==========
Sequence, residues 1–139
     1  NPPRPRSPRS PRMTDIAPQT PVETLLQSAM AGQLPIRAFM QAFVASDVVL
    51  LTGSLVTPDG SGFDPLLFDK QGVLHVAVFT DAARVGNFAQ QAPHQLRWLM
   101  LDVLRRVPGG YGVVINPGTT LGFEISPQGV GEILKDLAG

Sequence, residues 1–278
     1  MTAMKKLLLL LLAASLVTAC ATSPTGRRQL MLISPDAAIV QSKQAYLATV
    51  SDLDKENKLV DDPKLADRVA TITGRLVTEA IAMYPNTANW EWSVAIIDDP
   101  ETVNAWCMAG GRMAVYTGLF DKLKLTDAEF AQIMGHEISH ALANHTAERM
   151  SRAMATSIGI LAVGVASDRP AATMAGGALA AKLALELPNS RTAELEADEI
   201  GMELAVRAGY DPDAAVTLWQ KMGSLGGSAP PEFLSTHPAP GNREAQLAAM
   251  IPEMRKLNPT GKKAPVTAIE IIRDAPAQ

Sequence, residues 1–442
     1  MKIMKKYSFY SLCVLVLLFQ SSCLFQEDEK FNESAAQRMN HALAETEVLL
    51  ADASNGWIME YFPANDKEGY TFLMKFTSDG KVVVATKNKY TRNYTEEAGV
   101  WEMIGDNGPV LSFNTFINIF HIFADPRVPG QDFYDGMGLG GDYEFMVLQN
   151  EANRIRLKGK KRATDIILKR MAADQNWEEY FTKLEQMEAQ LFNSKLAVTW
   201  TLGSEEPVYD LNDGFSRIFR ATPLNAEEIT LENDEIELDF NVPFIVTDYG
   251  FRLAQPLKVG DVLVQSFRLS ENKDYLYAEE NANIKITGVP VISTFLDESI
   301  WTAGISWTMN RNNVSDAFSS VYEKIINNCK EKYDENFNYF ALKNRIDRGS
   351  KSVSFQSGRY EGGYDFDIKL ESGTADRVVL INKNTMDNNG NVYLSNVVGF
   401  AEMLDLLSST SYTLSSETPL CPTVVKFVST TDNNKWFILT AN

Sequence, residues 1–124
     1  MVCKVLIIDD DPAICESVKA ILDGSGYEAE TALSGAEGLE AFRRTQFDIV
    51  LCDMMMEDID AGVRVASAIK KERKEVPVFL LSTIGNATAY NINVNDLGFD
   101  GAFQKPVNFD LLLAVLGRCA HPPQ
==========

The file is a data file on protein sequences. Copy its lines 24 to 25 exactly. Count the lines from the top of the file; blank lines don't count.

    51  LCDMMMEDID AGVRVASAIK KERKEVPVFL LSTIGNATAY NINVNDLGFD
   101  GAFQKPVNFD LLLAVLGRCA HPPQ